Neutropenia syndromes

Identification of disease genes and recent research concerning disease pathogenesis have provided insights into normal neutrophil homeostasis, or the balance between differentiation, migration, and apoptosis. This is a highly regulated process because the failure of multiple and diverse pathways of differentiation or migration results in low circulating neutrophil numbers. Neutrophil maturation arrest is the final common pathologic mechanism of a group of inherited neutropenic disorders associated with mutations in three different genes (HAX1, AK2, and GFI1). Loss-of-function mutations in hematopoietic lineage cell-specific protein-1–associated protein X-1 (HAX1), which is responsible for the classic autosomal recessive neutropenia known as Kostmann disease, demonstrate a defect in G-CSF signaling. G-CSF is a key player in bone marrow production and release of neutrophils into the blood. It is therefore not surprising that the standard therapy of most neutropenia disorders is recombinant G-CSF. Mutations in adenylate kinase 2 (AK2), which is associated with cartilage hair hypoplasia, result in mitochondrial dysfunction, thus illustrating an important role for this mitochondrial metabolism pathway in neutrophil differentiation (88). Mutations in the transcription repressor GFI1, which has been observed in some patients with severe congenital neutropenia, affect the complex epigenetic regulation of transcription factors crucial to myeloid differentiation (89). Neutropenia is also observed when the neutrophils are unable to leave the bone marrow as observed in WHIM (warts, hypogammaglobulinemia, immunodeficiency, and myelokathexis) syndrome because of mutations in CXCR4, a chemokine receptor that plays a crucial role not only in homing of circulating neutrophils from bone marrow to blood and back but also between blood and other tissues. Disease-associated gain-of-function mutations impair this protein’s intracellular trafficking, resulting in increased responsiveness to various chemokines and retention of neutrophils in the bone marrow (90).

Neutropenia is also observed when neutrophils are driven to apoptosis through a variety of upstream pathways. The most common cause of severe chronic neutropenia is gain-of-function mutations in NE (ELANE). Recent studies with ELANE mutants suggest that mutations result in protein misfolding and demonstrate a complex dysregulation of the unfolded protein response resulting in endothelial reticulum (ER) stress and hence neutrophil death. The multiple steps of this complex process may explain why patients with the same mutations may present with cyclic neutropenia with low neutrophil numbers only intermittently (91). ER stress leading to apoptosis appears to be the end result of other upstream molecular mechanisms in patients with glucose-6-phosphatase catalytic subunit 3 (G6PC3) mutations who have an inactive ER enzyme or jagunal homolog 1 (JAGN1) mutations who have defective ER secretory pathways (92). This common pathway demonstrates that neutrophils appear to be particularly sensitive to ER stress.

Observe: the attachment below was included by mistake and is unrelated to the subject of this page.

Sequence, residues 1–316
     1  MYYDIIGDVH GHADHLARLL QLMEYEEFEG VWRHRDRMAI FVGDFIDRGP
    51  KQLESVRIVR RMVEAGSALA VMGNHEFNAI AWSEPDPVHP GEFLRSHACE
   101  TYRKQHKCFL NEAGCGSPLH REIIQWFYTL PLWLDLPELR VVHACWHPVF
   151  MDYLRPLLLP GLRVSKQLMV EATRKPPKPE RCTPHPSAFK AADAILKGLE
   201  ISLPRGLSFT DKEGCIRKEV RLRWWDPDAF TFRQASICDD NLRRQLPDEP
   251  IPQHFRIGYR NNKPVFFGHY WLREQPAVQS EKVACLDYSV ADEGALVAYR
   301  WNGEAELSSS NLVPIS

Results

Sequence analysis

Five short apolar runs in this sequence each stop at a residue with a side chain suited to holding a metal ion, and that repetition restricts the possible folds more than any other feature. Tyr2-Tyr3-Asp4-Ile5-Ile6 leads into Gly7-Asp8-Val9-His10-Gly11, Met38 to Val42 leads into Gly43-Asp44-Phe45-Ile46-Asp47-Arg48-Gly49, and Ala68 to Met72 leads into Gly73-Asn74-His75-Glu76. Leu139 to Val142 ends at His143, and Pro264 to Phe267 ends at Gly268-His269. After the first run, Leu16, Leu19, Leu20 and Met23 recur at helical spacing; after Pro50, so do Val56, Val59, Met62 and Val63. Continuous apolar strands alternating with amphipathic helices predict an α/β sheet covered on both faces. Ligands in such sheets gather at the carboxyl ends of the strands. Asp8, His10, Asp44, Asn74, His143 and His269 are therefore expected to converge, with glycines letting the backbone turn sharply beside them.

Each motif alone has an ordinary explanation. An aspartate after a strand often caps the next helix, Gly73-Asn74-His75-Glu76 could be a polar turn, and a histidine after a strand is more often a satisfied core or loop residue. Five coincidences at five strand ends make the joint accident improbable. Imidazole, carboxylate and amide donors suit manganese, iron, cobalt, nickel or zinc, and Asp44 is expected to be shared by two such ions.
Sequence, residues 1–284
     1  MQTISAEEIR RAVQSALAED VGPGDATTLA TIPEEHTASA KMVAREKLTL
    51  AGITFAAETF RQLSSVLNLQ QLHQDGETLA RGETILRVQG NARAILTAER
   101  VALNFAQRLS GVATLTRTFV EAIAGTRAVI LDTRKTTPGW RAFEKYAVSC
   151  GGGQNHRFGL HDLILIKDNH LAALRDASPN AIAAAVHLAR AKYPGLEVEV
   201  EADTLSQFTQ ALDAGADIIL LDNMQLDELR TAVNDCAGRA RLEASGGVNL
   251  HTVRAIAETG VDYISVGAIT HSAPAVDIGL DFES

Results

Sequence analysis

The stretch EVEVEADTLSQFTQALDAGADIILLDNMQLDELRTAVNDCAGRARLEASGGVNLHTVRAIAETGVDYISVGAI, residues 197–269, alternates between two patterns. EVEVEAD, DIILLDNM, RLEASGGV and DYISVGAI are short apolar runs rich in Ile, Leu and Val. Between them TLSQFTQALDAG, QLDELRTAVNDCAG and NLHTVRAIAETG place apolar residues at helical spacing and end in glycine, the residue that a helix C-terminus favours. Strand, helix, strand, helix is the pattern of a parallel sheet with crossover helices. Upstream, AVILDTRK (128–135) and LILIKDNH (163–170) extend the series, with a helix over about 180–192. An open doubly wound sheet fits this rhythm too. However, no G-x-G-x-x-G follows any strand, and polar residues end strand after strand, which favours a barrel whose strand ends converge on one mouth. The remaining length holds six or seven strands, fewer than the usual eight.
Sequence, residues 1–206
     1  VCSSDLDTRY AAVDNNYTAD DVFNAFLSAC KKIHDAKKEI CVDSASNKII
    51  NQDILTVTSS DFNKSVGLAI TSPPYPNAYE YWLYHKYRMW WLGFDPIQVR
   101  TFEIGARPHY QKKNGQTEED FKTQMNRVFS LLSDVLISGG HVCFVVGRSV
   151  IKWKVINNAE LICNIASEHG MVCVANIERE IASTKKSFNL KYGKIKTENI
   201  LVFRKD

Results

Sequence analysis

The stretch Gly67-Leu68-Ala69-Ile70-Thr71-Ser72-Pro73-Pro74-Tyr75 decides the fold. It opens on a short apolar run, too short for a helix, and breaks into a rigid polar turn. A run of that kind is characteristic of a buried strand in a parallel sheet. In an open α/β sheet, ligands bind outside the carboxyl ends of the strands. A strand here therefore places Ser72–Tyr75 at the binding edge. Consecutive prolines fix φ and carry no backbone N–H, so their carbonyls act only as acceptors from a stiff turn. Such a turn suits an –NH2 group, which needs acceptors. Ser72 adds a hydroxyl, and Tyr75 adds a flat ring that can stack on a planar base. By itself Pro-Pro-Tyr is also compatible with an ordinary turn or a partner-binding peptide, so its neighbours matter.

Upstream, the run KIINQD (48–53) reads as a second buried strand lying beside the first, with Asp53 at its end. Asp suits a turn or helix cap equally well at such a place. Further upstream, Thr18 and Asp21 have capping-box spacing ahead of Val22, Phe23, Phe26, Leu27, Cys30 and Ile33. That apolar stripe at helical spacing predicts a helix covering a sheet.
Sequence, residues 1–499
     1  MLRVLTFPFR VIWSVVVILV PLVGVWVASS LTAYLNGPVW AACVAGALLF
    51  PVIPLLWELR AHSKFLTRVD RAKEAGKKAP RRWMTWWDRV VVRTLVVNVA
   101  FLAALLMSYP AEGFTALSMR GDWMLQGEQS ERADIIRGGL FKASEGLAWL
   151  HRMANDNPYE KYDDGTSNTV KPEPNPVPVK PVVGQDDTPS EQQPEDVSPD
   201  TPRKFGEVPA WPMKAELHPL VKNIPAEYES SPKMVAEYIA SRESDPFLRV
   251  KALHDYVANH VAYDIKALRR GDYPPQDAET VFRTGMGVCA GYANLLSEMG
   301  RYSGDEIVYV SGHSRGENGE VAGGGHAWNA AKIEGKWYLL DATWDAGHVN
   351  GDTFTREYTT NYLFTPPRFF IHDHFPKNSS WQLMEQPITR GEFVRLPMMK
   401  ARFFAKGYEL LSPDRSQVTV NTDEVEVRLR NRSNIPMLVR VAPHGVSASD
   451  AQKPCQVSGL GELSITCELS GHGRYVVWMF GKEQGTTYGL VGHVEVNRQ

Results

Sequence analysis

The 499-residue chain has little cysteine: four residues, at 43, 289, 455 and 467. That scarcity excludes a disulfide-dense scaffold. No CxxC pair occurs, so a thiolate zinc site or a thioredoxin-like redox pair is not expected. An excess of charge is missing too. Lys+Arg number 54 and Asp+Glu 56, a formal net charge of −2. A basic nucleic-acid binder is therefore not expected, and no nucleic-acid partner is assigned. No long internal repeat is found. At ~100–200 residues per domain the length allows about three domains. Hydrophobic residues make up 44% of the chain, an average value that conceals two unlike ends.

Neutropenia is a feature of several immunodeficiency disorders that primarily involve adaptive immunity. Neutropenia may be the initial presentation of patients with X-linked agammaglobulinemia. Although mutations in Bruton’s tyrosine kinase (BTK) have been shown to affect several neutrophil functions (93), the underlying cause of neutropenia has not been elucidated. Specific gain-of-function mutations in the Wiskott-Aldrich syndrome gene (WAS) are associated with X-linked neutropenia that are distinct from the mutations associated with classic Wiskott-Aldrich syndrome, which is characterized classically by thrombocytopenia, immunodeficiency, and eczema. These WAS mutations result in defects in actin polymerization, mitosis, and cytokinesis, resulting in neutrophils that are susceptible to cell-cycle arrest and apoptosis (94). Neutropenia is also a common clinical feature of X-linked hyper–immunoglobulin M (IgM) syndrome due to mutations in CD40L. Recent studies illustrate the role of CD40L in a variety of neutrophil functions that may explain this phenotype (95). Patients with STK4 deficiency not only have lymphopenia but also have neutrophils with increased susceptibility to apoptosis, likely due to mitochondrial dysfunction (96).